The passing of Adam Yauch was a sad way to enter the weekend. As one-third of the Beastie Boys, MCA won over millions of fans and shaped today’s pop culture landscape. Yauch’s creativity extended far past what was laid down in the recording studio and into the creation of some of the most influential music videos of all time. This talent eventually bled over into film when Yauch co-founded the Oscilloscope Laboratories. A distribution company he used to curate and release independent films and documentaries like Dear Zachary, The Exploding Girl, Meek’s Cutoff, and We Need to Talk About Kevin, as well as the Yauch-directed Awesome: I F*ckin’ Shot That! and Gunnin’ For That #1 Spot.
I really feel that we just lost one of the coolest men in the world. To honor him and the innovations he gave us, I’ve put together a few of his most groundbreaking and filmic works.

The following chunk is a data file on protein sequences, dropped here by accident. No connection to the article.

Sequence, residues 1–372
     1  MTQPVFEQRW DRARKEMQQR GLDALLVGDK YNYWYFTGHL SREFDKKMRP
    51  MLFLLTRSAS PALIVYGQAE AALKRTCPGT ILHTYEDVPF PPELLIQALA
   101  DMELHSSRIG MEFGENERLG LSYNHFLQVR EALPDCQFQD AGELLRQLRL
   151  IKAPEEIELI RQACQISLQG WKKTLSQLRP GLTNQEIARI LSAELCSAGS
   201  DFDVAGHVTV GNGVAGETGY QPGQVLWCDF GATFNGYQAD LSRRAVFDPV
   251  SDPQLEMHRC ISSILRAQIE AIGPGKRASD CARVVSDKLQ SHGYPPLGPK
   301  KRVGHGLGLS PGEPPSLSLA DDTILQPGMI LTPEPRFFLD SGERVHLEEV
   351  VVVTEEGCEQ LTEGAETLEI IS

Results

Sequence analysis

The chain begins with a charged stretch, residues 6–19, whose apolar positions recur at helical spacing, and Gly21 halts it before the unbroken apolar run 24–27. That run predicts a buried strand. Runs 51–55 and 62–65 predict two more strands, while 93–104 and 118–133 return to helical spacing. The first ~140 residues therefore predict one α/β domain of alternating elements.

The Beasties exploded into the mainstream with their anti-partying party anthem. The video depicts a party that goes awry when “bad people” show up. This video actually owes its premise from an unlikely place… George Romero‘s Dawn of the Dead. The film features scenes of a motorcycle gang who crash into a zombie-filled mall, overturning everything, smashing televisions, and attacking zombies with pies to the face. The video budget being non-existent, the Beasties famously used rancid whipped cream they found in the garbage cans behind the supermarket.
The art form of music videos were brought to a new level thanks to Sabotage. Directed by frequent collaborator Spike Jonze, the video is an homage to the cop dramas of the 1970’s. Wearing wigs and fake mustaches, the band played the show characters in the fictionalized credit sequence. When the video didn’t take home the top honors at the MTV Video Music Awards, MCA bum-rushed the stage in the guise of Nathaniel Hornblower to protest the dis. It’s safe to say, MCA had great influence over Kanye’s career.